Placing good teachers
Lucy Crehan, associate for Education Development Trust, comments on how other countries have succeeded in placing good teachers in rural schools.
My Facebook feed is peppered with adverts asking me to help a struggling school. The marketing algorithms will be targeting me because my job history includes being a teacher, and because I post articles with keywords like 'education' and 'teaching', but this time they have not hit their mark. The adverts are for the National Teaching Service, a new scheme attempting to convince the best teachers and middle leaders to move across the country and work in rural or underperforming schools that struggle to attract and retain the professionals they need. And that is not me. I've been out of the classroom for three years. But, my experiences visiting and studying education systems in 'top performing' countries in the years since do allow me to throw out some internationally-informed ideas on how this ambitious national programme might be best implemented.
The challenge of getting qualified, quality teachers into schools that need them most is one that all countries face. Australia, for example, has some significant geographical challenges. When we talk of rural schools here, it conjures visions of coastal schools, two or three-hour's drive from the nearest city. In Australia, that is more likely to be a three-hour flight. How does the government convince their teachers to move into the outback?
Australian states offer a number of incentives to encourage mid-career teachers to these remote schools. They get housing subsidies of 70-100%; retention benefits of £2,600-£3,200 if they stay beyond a certain number of years; vacation travel expenses; and an 'isolation from goods and services' allowance. The NTS at the moment is offering relocation subsidies of up to £10,000 which is a great start, but allowances for travel home, retention benefits for staying beyond the three-year programme, or even pocket money for holidays abroad might be quite persuasive. What would convince you to move?
Some 7,000km north, the Japanese also offer benefits to even out the inconvenience of being posted to unpopular locations, but their approach to evening out quality is much more structured. The Japanese have a system called tenkin, in which employees of companies and of government are rotated to different offices (and sometimes roles) every few years. Teachers are posted to a new school every six years, with the purpose of this being to allow for rich professional experiences, and revitalise the teaching workforce within each school. Teachers are compensated with subsidies, and they are guaranteed prefecture-wide induction, mentoring and professional development; these opportunities are not reliant on the individual schools.
Redistributing talent or raising standards
While England does not have a recruitment system in which teachers can be posted where they are needed, the National Teaching Force could make a start on this by virtue of it being a national programme. Like the Japanese system though, it would be important that the professional development offered was of a guaranteed, recognised standard, and not reliant on the individual schools to which teachers were posted. Another important feature of the Japanese system is the inverse of the National Teaching Scheme; while they do post great teachers to schools that need extra help, they also consciously post teachers who are in need of improvement to school environments in which they can learn from better teachers. This latter point is crucial. Just moving around good teachers isn’t enough to make a significant impact on the system; if that’s all you did you’d have the same amount of talent, just distributed in a different way. To have a more significant and long-lasting impact on the quality of teaching across the country you need to ensure that there is the time and infrastructure to support teachers learning from one another.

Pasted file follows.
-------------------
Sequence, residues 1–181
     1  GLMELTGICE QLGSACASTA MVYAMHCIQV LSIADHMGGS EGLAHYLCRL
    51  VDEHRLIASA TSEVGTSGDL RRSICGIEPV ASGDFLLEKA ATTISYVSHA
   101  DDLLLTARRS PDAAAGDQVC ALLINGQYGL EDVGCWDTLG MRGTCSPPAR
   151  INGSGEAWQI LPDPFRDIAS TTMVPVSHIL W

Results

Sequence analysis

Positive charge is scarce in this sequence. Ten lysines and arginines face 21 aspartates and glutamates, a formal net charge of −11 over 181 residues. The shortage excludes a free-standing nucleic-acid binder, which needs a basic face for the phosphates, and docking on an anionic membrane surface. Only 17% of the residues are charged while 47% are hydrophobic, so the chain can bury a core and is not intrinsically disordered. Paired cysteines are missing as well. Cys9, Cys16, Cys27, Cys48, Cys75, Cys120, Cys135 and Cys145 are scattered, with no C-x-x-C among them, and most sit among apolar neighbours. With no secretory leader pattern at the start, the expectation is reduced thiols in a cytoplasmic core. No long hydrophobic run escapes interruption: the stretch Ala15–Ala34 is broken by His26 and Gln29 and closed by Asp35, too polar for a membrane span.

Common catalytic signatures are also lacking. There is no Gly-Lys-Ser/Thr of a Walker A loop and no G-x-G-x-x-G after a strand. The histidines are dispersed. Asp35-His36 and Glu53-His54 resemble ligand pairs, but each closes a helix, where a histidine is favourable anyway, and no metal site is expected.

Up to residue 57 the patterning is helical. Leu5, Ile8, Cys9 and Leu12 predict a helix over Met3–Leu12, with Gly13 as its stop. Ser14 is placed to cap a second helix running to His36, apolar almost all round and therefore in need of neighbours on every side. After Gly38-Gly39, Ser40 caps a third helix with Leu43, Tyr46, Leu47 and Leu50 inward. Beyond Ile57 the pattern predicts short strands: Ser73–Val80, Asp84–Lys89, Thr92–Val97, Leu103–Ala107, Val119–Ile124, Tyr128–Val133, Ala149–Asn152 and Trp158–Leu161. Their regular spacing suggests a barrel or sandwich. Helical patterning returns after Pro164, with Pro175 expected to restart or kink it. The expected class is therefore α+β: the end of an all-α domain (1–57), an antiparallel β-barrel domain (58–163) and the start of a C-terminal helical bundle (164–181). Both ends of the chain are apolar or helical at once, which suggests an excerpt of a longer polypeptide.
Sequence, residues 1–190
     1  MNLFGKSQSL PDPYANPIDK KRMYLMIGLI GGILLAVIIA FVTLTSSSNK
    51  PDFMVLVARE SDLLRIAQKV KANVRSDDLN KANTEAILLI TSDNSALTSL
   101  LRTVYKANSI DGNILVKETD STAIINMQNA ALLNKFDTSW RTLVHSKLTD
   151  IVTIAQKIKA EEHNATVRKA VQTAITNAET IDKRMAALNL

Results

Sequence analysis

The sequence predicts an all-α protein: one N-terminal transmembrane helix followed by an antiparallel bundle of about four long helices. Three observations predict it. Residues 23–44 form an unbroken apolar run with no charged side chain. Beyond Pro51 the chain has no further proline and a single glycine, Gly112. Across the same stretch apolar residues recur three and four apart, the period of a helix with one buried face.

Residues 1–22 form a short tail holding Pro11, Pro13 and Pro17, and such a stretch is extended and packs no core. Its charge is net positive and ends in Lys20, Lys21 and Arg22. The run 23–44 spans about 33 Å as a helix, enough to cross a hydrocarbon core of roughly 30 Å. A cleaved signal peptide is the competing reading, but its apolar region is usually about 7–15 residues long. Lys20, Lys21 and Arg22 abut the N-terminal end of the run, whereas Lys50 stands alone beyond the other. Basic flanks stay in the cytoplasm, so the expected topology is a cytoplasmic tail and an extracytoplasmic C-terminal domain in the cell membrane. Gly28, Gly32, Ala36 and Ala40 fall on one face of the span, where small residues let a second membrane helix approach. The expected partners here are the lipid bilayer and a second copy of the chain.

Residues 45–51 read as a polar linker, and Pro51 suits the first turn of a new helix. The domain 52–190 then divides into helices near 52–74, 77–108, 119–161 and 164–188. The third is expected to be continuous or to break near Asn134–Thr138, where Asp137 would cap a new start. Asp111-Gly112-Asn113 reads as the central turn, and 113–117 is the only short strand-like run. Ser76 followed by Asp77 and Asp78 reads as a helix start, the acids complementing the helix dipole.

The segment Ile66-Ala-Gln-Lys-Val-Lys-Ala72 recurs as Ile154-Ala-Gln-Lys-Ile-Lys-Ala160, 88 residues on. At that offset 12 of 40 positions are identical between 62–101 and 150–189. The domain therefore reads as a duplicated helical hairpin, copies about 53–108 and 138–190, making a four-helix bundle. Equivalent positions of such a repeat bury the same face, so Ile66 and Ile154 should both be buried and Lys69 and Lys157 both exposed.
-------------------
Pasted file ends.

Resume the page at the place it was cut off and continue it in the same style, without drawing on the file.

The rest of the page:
In Japan, Singapore and Shanghai, this learning happens through the process of lesson study, where teachers of different levels of expertise and experience plan a lesson together, observe each other teach, and have discussions about the effectiveness of the pedagogy observed. In Finland too, teachers have a weekly timetabled session in which they plan lessons together with their colleagues, allowing them to learn from one another. The focus in all of these places is on supporting struggling teachers, rather than replacing them. NTS teachers must be given the time within their timetables to plan professional development and to engage other staff in conversations about pedagogy. Their impact could be so much greater if headteachers were able to make space for these conversations and observations in other teachers’ timetables too.
Korea's system rotates teachers like Japan's does, with teachers' preferences taken into account, but they also achieve a remarkable feat: the teachers in their disadvantaged schools are more qualified, and more experienced, than the teachers in more affluent neighbourhoods. This is not because they force people to teach in undesirable locations, but because they make the experience of working in such neighbourhoods count when it comes to promotion. Their career structure progresses through Grade 2 teacher, to Grade 1 teacher, vice-principal and principal, and the final stages of promotion depend partly on whether you've had experience in a more challenging area – thus making those experiences more sought-after.
So now perhaps, as England embarks on its own ambitious plan to use teacher redeployment as a system lever, though it might not be structured in the same way as in Korea or Japan, if the National Teaching Service helps to achieve similar outcomes here, it could receive a warm welcome from schools and teachers alike. As for me, I'm off to Like it on Facebook.